Kevin Ritchie / NOW Toronto
British Columbia native Andrea Bang is up for a Canadian Screen Award for her role as the daughter on CBC sitcom Kim’s Convenience. The series, based on Ins Choi’s play of the same name, is about a Korean-Canadian family who run a convenience store. The show marks her first TV role after producing and starring in a series of web shorts, and it’s no surprise she’s been singled out by the CSAs: as the Canadian-raised Janet, Bang often is at the crux of the show’s cross-generational culture clash (and thus, the source of its comedy), requiring her to deftly move between outwardly screwball scenarios and scenes that reveal her character’s unspoken inner life.
Toronto-raised, Los Angeles-based Demore Barnes is a regular face on U.S. television thanks to roles in NBC’s Hannibal, Syfy’s 12 Monkeys and CBS’s The Unit. This year he’s appearing in one of the most-buzzed-about TV projects (especially with the ComiCon set): Starz’s live-action adaptation of Neil Gaiman’s 2001 novel, American Gods, starring Ricky Whittle, Ian McShane and Gillian Anderson (as a god that takes the form of pop culture icons). Barnes plays Mr. Ibis, an Egyptian underworld god who runs a funeral home in Cairo. The series gets its world premiere at SXSW in March and is broadcast in April.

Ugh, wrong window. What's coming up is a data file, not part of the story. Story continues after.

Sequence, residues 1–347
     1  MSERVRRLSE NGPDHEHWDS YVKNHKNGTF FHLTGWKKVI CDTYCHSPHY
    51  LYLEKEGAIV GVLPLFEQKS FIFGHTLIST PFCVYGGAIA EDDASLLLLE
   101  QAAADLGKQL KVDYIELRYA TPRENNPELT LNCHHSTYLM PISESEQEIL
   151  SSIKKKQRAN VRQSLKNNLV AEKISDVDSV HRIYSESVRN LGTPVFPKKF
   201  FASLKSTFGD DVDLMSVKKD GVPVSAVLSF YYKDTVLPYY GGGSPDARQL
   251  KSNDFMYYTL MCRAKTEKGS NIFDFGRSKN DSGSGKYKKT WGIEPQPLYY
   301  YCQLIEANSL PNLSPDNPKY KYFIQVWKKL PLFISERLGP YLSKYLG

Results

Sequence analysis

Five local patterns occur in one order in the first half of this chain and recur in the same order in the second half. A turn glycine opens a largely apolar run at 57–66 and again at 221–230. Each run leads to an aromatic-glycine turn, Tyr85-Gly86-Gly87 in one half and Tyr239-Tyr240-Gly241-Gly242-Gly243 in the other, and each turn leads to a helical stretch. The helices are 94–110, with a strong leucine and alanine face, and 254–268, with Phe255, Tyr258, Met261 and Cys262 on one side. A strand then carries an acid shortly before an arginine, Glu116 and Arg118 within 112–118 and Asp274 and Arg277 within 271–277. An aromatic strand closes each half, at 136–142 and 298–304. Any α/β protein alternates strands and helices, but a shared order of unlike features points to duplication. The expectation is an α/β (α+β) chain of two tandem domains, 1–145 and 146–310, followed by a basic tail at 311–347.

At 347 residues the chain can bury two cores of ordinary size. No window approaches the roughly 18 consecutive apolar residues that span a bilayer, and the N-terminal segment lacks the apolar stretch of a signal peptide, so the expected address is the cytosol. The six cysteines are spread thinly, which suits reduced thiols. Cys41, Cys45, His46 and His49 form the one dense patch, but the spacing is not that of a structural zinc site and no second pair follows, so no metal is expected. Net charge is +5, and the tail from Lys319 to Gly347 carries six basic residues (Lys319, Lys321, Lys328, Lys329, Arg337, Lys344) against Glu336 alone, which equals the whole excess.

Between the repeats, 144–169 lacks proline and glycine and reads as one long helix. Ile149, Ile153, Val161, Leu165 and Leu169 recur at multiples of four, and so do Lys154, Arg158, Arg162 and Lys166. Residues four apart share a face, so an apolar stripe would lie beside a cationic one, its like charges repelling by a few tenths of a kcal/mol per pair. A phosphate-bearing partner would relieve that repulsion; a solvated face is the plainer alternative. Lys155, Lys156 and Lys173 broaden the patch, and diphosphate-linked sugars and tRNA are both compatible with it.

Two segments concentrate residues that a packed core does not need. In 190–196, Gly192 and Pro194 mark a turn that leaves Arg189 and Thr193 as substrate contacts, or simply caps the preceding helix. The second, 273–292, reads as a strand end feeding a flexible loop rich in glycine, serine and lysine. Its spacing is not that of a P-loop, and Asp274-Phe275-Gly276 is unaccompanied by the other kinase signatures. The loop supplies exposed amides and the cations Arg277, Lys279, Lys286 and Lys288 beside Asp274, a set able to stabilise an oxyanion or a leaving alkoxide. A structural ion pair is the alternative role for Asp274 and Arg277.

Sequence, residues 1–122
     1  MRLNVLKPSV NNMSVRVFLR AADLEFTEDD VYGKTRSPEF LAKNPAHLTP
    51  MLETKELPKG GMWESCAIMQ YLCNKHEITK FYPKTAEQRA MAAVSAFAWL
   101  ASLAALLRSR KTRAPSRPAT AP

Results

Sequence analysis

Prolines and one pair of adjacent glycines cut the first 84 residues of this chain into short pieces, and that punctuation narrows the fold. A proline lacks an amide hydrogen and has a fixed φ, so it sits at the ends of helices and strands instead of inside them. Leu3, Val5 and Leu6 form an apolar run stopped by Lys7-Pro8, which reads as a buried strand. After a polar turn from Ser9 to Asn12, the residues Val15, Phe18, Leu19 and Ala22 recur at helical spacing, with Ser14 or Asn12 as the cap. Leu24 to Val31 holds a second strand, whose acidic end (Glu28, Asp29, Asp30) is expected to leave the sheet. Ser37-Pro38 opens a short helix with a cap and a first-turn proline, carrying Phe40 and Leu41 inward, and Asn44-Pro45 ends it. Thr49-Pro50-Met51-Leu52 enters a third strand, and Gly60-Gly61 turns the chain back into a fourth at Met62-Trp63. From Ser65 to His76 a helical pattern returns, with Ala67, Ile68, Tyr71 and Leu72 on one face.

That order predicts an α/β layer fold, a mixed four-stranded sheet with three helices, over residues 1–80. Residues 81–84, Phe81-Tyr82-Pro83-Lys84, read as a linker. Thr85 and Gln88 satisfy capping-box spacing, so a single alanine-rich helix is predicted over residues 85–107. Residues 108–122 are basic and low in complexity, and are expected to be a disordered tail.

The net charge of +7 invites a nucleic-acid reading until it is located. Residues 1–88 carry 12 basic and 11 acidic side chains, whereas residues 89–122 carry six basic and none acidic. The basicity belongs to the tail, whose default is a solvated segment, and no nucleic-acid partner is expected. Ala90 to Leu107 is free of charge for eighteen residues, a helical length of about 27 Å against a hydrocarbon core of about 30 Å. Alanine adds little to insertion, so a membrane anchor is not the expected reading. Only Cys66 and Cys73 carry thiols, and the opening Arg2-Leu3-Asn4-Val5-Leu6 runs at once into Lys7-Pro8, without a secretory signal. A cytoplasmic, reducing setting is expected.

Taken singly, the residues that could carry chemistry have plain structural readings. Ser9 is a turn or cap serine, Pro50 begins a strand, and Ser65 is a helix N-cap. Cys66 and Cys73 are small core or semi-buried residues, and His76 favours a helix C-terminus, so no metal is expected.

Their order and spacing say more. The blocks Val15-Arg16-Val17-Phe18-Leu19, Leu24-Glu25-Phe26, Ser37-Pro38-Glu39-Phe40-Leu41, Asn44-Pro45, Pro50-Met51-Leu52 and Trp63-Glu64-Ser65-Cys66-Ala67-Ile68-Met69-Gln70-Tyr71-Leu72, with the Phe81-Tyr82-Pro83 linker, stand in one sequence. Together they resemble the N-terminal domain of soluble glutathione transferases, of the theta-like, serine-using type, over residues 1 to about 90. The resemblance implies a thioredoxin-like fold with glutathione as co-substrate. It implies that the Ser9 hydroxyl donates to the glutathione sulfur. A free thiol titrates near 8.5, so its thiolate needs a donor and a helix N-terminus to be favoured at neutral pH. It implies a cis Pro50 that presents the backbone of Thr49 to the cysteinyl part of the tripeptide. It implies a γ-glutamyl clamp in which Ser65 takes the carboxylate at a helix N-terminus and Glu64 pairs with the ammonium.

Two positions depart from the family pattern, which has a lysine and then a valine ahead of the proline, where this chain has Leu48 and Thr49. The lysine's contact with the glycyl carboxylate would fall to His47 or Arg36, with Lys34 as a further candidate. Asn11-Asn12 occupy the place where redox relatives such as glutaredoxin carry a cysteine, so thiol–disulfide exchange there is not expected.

We were excited when Netflix and CBC announced a TV adaptation of Margaret Atwood’s 1996 Giller Prize-winning novel, Alias Grace, created by Sarah Polley (Away From Her) and directed by Mary Harron (American Psycho), but a glance at the show’s IMDB page got us even more psyched: rising Toronto stage actor and playwright Stephen Joffe, who gave an excellent performance last year in Judith Thompson’s The Crackwalker at Factory Theatre, has landed a co-starring role alongside Sarah Gadon, Anna Paquin, Paul Gross and David Cronenberg.
Aleysa Young began as a casting director for TV commercials before making the jump to the director’s chair. After spending years helming spots, she is now helping to usher in a golden age of raunchy feminist dick jokes on CBC prime time as a director on last year’s Baroness Von Sketch Show and Black-ish star Catherine Reitman’s ensemble comedy Workin’ Moms, which debuted last month.
Euthanasia and dramedy now coexist in the same sentence thanks to Canadian Film Centre grad Tara Armstrong, the Vancouver-based creator of Global TV’s Mary Kills People. The six-part series has been picked up by Lifetime in the United States and will air there later in the year alongside season three of UnReal. The show, which follows an emergency room doctor (Caroline Dhavernas, another Hannibal alum) who helps terminally ill people take their own lives, has earned nice reviews since its debut on January 25.